« Last Edit: January 28, 2019, 07:26:27 PM by Wooster »


richietog

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Reply #83 on: January 28, 2019, 09:53:14 PM
That's the only the problem. These companies going abroad because of Brexit

They should stay, but it will cost them money, possible jobs because they can't sell abroad if they stayed in the UK


Wooster

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Reply #84 on: January 28, 2019, 10:51:09 PM
Are you a member of the European Research Group?

By Law, you have to tell us if you are.


Glamdring

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Reply #85 on: January 28, 2019, 11:07:02 PM
I have little time for Dyson, but being honest, he's paying his taxes to the full, as far as we know. Millions.


richietog

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Reply #86 on: January 29, 2019, 12:45:27 PM
Are you a member of the European Research Group?

By Law, you have to tell us if you are.

Where did you get that strange idea?


Wooster

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Reply #87 on: January 29, 2019, 03:24:18 PM
 :azn:


Glamdring

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Reply #88 on: February 06, 2019, 03:40:58 PM
I thoroughly approved of Tusk's remarks today. He said that we have a bunch of numpty politicians in Westminster and he's perfectly correct.


Glamdring

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Reply #89 on: February 18, 2019, 02:51:44 PM
With Honda now closing, that leaves only Vauxhall as a major car maker in the UK. I wonder how many of their workers voted Leave.   :rolleyes:


Wooster

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Reply #90 on: February 18, 2019, 08:14:34 PM
Nissan is still there, but for how long.
Vauxhall is part of GM as well, with all their cars in the EU branded as Opel....so that could be a shaky peg as well.

I did say Brexit would fuck us right back to the 70's.


Glamdring

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Reply #91 on: February 18, 2019, 09:50:31 PM
Last year Opel said they were still investing here, but we'll see. Time the brought back the Manta. Great looking car.


Wooster

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Reply #92 on: February 18, 2019, 09:58:24 PM
Guy at the bottom of my street has one rotting in his garden.
It's one of those baby poo brown ones with the vinyl roof.  :azn:


Wooster

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Reply #93 on: February 28, 2019, 07:36:32 PM
George Eustice has resigned fearing that the possibility of rejecting a No Deal Brexit would be a 'humiliation' for the Government.
But it's a humiliation of their own devising, is it not?
If they'd never dragged the country into this Tory infighting, we wouldn't be in the situation we are now.

He's basically thrown a tantrum. 
Fucking idiot.



Glamdring

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Reply #94 on: March 01, 2019, 10:21:56 AM
Indeed.


Splinter

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Reply #95 on: March 01, 2019, 01:59:33 PM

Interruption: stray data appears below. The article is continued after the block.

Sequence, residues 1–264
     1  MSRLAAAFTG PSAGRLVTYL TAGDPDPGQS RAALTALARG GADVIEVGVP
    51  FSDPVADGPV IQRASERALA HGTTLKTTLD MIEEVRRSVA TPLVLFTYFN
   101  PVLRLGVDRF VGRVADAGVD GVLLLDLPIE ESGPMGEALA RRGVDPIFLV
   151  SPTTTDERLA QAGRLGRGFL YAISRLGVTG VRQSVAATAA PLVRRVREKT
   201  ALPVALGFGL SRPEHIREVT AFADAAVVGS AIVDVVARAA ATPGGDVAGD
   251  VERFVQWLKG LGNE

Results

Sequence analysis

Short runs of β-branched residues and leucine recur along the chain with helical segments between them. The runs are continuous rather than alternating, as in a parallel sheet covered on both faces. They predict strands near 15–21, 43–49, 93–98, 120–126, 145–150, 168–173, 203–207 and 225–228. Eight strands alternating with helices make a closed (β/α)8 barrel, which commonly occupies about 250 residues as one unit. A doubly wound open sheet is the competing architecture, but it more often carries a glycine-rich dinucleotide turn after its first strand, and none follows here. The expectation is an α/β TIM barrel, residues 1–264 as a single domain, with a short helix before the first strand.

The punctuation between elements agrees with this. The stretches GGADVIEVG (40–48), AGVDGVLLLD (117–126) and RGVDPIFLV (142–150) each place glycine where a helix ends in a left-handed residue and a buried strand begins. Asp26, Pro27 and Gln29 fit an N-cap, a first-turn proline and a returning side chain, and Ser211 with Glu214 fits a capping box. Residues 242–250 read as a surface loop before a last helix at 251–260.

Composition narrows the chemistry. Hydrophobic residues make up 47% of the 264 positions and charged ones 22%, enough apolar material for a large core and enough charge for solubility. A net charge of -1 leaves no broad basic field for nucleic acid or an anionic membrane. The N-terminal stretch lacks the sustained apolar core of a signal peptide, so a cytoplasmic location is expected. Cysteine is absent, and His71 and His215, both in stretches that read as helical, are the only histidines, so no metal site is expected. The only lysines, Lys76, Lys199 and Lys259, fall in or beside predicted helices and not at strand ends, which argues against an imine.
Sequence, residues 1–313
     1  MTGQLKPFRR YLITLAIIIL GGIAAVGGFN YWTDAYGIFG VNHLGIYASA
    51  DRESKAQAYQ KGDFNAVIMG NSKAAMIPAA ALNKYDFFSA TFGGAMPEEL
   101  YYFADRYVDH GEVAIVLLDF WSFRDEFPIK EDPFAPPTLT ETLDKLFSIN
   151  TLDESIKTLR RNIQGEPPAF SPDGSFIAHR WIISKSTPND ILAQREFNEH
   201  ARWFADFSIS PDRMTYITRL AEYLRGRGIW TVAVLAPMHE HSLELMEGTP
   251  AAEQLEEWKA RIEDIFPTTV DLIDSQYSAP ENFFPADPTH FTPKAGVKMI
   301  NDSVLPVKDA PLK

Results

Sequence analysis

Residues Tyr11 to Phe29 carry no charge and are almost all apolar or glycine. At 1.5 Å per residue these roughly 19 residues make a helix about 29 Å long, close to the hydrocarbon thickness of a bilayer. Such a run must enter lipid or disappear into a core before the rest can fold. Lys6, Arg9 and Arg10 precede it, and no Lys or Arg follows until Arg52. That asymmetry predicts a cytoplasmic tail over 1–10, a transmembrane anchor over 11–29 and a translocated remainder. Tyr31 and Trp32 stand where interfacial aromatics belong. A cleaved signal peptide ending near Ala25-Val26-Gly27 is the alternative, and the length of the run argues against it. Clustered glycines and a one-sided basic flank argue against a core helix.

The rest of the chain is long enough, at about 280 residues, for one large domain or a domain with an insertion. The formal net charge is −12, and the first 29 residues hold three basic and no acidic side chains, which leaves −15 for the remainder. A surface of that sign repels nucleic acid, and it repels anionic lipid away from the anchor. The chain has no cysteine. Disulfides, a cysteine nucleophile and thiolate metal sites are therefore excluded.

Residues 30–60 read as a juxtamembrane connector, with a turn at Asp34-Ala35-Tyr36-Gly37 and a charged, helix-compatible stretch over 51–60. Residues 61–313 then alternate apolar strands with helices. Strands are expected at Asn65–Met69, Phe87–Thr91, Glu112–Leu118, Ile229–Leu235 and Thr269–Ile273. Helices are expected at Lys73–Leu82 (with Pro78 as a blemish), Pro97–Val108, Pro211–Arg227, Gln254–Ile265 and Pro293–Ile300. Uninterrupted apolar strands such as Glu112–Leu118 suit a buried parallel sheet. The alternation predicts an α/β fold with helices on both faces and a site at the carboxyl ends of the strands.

Wasn't it Europe that was the key to bringing down Thatcher, amongst other things of course?
Also, when the British public voted on Brexit, did everyone expect cold turkey, ie a no-deal exit?
In my opinion, a deal with Europe would be much more preferable than nothing at all.


Glamdring

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Reply #96 on: March 01, 2019, 06:39:29 PM
Yep. Maggie was anti Europe but at the time most of her government were pro - and she was just on the edge of the dementia that got her in the end - and the booze.


Wooster

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Reply #97 on: March 01, 2019, 09:59:48 PM
Wasn't it Europe that was the key to bringing down Thatcher, amongst other things of course?
Also, when the British public voted on Brexit, did everyone expect cold turkey, ie a no-deal exit?
In my opinion, a deal with Europe would be much more preferable than nothing at all.

There was never any major deal in play.
They were told to wait before triggering Article 50 (that started the clock ticking) until they had a plan put together, but they jumped the gun and did it with no plan whatsoever....they tried to wing it.
Arrogance, plain and simple


Glamdring

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Reply #98 on: March 05, 2019, 01:47:06 PM
I see BMW are threatening to pull the Mini production from here, and the engine plant too, if there's no deal. Thousands more jobs.


Wooster

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Reply #99 on: March 05, 2019, 06:37:25 PM
Welcome back to boom and bust.

The problem lies with the bubble economy in London and the South East (that's where all the money is channelled to), if it inflates too much then the rest of the country suffers as they try to slow down growth..the difference this time is that they got you to vote for it.  :cheesy:

"Every time investment has begun to rise satisfactorily, the emergence of a balance of payments deficit has forced the Government to take strong deflationary measures with the result that the investment boom has petered out again."

Bailing out the banks cost us dear and the 'austerity measures' haven't done much to alleviate it.
Add to the public debt, the private debt and the economy is in a bad way.

So what to do?
I know, why don't we devalue the £ and turn the UK into a 2nd world economy for about 40 years, that way the plebs up north will take the hit (again) while we divest our interests overseas until the economy recovers again...and if it doesn't, who cares? We'll be making enough out of our overseas investments to live a pretty good life regardless.